Section: New Results
Static analysis and abstract interpretation
Combining control and data abstraction for the verification of hybrid systems
We have studied the verification of hybrid systems built as the composition of a discrete software controller interacting with a physical environment exhibiting a continuous behavior. Our goal is to tackle the problem of the combinatorial explosion of discrete states that may happen when a complex software controller is considered. We propose to extend an existing abstract interpretation technique, namely dynamic partitioning, to hybrid systems. Dynamic partitioning, which shares some common principles with predicate abstraction, allows us to finely tune the tradeoff between precision and efficiency in the analysis.
We have extended the NBac tool (Section 5.1 ) according to these principle, and showed the efficiency of the approach by a case study that combines a non trivial controller specified in the synchronous dataflow programming language Lustre with its physical environment  . A journal version is in preparation.
We are also working on the definition of a synchronous hybrid language for the design, simulation, and verification of discrete-continuous hybrid systems. This is the topic of the PhD of Peter Schrammel, co-advised by A. Girault and B. Jeannet, and funded by Synchronics .
A relational approach to interprocedural shape analysis
This work addresses the verification of properties of imperative programs with recursive procedure calls, heap-allocated storage, and destructive updating of pointer-valued fields, i.e., interprocedural shape analysis. It presents a way to apply some previously known approaches to interprocedural dataflow analysis — which in past work have been applied only to a much less rich setting — so that they can be applied to programs that use heap-allocated storage and perform destructive updating.
Our submission to ACM TOPLAS, accepted in october 2008 has been revised this year and should be published in 2010  . This work has been done in collaboration with T. Reps (Univ. of Madison-Wisconsin), M. Sagiv (Univ. of Tel-Aviv) and A. Loginov (GrammaTech).
Relational interprocedural analysis of concurrent programs
We have studied the extension of the relational approach to interprocedural analysis of sequential programs to concurrent programs, composed of a fixed number of threads  .
In the relational approach, a sequential program is analyzed by computing summaries of procedures, and by propagating reachability information using these summaries. We propose an extension to concurrent programs, which is technically based on an instrumentation of the standard operational semantics, followed by an abstraction of tuple of call-stacks into sets. This approach allows us to extend relational interprocedural analysis to concurrent programs. We have implemented it for programs with scalar variables, in the ConcurInterproc online analyzer (see § 5.5.3 ).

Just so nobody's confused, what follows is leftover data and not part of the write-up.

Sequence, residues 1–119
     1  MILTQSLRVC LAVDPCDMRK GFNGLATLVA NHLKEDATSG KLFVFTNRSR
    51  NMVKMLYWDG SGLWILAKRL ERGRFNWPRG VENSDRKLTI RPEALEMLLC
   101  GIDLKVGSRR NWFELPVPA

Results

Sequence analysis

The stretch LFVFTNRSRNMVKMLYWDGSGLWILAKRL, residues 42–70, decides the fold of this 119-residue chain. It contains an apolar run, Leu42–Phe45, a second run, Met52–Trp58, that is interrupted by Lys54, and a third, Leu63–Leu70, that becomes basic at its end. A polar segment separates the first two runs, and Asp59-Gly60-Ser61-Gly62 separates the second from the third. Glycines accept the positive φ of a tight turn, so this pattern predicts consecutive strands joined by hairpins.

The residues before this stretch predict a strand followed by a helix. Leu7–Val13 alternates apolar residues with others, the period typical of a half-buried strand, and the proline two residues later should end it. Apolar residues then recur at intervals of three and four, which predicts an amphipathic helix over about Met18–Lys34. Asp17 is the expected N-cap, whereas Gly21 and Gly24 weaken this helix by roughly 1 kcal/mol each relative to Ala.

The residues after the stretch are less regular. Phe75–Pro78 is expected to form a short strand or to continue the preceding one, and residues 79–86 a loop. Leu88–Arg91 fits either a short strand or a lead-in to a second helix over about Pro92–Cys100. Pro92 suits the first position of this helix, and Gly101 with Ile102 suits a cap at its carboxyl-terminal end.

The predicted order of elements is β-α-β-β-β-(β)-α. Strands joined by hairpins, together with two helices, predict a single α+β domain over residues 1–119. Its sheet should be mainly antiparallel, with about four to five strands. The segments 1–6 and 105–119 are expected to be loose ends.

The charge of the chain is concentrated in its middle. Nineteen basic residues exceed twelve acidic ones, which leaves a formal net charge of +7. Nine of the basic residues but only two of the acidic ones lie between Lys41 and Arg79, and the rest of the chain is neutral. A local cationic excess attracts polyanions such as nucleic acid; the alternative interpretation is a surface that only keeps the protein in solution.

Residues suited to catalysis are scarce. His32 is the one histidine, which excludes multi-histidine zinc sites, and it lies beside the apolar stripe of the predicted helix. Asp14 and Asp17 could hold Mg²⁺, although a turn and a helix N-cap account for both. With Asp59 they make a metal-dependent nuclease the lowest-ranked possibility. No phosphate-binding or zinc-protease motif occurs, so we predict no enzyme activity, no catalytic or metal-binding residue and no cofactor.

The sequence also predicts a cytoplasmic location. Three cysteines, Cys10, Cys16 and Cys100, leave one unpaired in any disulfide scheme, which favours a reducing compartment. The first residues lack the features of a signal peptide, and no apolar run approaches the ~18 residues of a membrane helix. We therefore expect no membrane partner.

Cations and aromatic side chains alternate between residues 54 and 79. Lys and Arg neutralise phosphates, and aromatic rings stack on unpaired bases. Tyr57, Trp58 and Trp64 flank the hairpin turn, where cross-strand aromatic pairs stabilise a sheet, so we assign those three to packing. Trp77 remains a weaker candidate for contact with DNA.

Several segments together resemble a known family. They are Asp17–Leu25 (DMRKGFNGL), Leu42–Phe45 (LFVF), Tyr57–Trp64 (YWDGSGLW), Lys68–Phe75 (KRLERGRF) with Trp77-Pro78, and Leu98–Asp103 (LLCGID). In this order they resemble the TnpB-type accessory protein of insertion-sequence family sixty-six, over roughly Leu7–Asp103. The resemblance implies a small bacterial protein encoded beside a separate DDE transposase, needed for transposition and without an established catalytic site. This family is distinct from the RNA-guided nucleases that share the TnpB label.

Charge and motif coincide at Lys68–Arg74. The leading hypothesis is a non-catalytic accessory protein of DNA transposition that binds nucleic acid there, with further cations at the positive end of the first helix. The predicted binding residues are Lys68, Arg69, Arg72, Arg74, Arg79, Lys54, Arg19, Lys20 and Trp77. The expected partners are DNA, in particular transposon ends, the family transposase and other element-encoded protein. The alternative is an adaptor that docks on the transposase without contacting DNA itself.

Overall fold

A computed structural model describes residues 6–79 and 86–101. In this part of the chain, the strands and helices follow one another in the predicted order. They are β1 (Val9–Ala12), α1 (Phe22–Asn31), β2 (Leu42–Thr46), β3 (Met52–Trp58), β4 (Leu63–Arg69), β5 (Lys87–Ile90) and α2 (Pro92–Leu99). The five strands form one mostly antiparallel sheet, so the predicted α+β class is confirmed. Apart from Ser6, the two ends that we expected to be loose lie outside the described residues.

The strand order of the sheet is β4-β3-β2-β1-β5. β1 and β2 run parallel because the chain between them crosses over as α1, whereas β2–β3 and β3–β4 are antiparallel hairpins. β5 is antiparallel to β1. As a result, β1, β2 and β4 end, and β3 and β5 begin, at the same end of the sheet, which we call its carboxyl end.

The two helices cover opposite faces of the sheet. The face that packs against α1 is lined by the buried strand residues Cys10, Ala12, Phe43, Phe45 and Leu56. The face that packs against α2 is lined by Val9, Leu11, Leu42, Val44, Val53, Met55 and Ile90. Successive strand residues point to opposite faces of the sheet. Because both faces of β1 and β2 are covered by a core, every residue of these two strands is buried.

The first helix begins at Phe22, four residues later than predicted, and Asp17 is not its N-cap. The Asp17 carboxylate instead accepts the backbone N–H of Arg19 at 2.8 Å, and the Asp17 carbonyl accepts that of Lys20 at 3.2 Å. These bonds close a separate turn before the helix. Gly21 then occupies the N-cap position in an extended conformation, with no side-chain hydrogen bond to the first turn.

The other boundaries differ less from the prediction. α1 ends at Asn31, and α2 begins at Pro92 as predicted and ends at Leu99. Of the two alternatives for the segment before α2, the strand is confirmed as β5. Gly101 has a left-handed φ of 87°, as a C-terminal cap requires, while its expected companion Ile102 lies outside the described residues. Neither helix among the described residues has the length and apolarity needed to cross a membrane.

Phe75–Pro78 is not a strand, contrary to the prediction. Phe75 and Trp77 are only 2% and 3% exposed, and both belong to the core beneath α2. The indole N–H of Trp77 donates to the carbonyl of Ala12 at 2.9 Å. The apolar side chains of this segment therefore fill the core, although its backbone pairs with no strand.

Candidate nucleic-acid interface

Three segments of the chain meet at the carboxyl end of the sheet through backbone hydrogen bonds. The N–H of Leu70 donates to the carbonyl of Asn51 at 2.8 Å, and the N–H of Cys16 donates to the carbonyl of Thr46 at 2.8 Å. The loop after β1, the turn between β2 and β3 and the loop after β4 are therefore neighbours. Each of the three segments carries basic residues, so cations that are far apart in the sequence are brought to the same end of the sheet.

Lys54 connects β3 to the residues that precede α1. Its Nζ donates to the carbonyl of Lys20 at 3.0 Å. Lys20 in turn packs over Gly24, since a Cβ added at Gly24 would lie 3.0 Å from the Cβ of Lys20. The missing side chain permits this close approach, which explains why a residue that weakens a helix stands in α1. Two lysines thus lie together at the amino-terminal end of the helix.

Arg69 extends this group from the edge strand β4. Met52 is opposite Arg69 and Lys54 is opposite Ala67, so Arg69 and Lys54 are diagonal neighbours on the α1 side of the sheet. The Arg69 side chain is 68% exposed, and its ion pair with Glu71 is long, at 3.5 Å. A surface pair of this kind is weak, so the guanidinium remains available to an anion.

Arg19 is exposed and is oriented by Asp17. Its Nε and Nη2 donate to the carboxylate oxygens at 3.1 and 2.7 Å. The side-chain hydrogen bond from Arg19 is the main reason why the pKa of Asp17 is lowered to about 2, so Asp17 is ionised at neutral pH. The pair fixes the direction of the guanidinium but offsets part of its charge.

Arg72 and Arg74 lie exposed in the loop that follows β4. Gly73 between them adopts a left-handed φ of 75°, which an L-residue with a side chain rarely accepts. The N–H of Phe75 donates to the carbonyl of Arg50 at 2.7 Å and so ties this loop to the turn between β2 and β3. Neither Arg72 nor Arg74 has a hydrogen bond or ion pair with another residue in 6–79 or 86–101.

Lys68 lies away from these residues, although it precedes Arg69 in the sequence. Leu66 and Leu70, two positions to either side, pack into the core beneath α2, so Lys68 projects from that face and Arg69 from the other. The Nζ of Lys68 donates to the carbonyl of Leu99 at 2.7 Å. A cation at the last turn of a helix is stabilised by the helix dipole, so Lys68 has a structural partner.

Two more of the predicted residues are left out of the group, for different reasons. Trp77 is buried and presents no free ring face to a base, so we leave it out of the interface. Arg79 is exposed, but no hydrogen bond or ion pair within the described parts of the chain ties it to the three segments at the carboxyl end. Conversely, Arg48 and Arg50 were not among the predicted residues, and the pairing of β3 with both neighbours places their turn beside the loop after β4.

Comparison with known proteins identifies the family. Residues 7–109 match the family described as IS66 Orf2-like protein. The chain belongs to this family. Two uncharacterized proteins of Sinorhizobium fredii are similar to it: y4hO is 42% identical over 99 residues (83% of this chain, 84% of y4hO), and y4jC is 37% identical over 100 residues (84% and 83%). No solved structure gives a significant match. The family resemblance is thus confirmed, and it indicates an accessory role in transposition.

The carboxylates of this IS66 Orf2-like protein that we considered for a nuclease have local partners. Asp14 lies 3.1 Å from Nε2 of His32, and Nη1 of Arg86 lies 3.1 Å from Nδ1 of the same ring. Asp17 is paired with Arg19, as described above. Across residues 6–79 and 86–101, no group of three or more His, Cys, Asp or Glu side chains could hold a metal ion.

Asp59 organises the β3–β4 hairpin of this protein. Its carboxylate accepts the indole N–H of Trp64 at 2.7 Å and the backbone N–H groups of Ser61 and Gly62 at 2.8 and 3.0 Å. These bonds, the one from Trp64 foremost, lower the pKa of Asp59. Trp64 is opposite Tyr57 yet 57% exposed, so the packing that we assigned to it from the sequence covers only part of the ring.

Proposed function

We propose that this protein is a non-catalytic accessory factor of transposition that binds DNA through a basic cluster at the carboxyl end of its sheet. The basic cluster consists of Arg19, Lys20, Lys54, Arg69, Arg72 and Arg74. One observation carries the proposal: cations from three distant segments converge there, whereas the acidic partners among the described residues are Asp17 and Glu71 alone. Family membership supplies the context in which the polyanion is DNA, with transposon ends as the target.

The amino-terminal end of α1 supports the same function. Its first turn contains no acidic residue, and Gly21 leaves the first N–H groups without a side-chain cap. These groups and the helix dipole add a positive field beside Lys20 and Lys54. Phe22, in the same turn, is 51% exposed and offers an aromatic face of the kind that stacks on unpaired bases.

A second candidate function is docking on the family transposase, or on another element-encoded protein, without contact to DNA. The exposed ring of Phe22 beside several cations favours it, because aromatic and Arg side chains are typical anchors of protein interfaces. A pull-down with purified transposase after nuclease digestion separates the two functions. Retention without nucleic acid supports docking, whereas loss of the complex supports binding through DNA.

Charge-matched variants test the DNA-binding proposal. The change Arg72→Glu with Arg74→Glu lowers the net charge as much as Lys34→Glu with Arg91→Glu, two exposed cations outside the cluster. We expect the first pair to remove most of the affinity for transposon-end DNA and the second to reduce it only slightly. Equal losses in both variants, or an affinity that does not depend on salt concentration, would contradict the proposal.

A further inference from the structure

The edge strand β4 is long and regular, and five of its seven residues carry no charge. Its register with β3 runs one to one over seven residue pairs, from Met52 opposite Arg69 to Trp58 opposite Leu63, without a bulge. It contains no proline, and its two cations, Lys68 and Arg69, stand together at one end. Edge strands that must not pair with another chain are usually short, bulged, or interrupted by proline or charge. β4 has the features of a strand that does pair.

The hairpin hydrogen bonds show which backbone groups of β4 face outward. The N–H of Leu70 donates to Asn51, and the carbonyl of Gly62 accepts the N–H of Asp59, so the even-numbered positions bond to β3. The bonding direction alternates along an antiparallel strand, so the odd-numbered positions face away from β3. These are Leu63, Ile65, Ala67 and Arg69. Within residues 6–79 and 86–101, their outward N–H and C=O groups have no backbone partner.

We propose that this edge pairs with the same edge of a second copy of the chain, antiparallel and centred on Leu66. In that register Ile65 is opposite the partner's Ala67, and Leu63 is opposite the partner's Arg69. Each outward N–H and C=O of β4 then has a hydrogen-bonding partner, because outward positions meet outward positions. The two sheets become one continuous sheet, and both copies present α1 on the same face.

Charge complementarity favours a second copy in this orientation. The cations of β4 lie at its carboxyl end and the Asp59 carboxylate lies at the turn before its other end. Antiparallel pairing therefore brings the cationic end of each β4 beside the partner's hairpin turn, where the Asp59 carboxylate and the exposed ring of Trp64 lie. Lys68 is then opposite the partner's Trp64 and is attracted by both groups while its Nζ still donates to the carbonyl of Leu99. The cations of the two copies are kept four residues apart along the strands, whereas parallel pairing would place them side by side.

We have experimented several classical synchronisation protocols in order to investigate the precision of our technique, but also to analyze the approximations it performs.
We are also working on modular analyzes of concurrent programs with abstract interpretation techniques. This is the topic of the PhD of Lies Lakhdar-Chaouch, co-advised by A. Girault and B. Jeannet, and funded by OpenTLM .
Distributed controller synthesis using static analysis of FIFO channels
As explained in previous section, controller synthesis aims at modifying an existing specification/system in order to make it satisfy a property. We study this problem in the particular case of distributed systems modeled as a set of sequential machines communicating via unbounded FIFO channels, for which we want to ensure safety properties.
The static analysis of stacks and FIFO queues was the topic of the PhD of Tristan Le Gall, defended in June 2008. We proposed in  a new abstract domain for languages on infinite alphabets, which acts as a functor taking an abstract domain for a concrete alphabet, and lifts it to an abstract domain for words on this alphabet.
We studied this year the application of this technique to the controller synthesis of a set of sequential machines communicating via unbounded FIFO channels, for which we consider simple state-avoidance properties. It is well-known that there exists no optimal (most permissive) controller in such a context, so our ambition is to propose a technique for computing “permissive-enough” controller. Our approach is based on the computation of global controller, which is then projected on local sites so as to obtain a controller per site in the controlled distributed system. We exploit the abstract domain mentioned above in the fixpoint computations involved in the computation of a correct controller, and we take into account the following partial observation constraints: the global controller cannot observe the contents of the FIFO channels to take its decisions (they model communication links), and the projected local controller has a knowledge only on their local state.
This work is conducted in collaboration with H. Marchand and T. Le Gall (Vertecs team from Inria Rennes).
Several man/month efforts have been devoted to the developpement of libraries and tools (see 5.5.3 ). This year has been more particularly devoted to the BDDApron library, which has been publicy released as a deliverable of the ASOPT project (§ 8.2.2 ), and the FIXPOINT library.(http://pop-art.inrialpes.fr/~bjeannet/bjeannet-forge/bddapron/index.html , http://pop-art.inrialpes.fr/~bjeannet/bjeannet-forge/fixpoint/index.html ) We have published a tool paper (6 pages) on the now mature Apron library  . We also plan to submit in 2010 research and tool paper(s) on these libraries.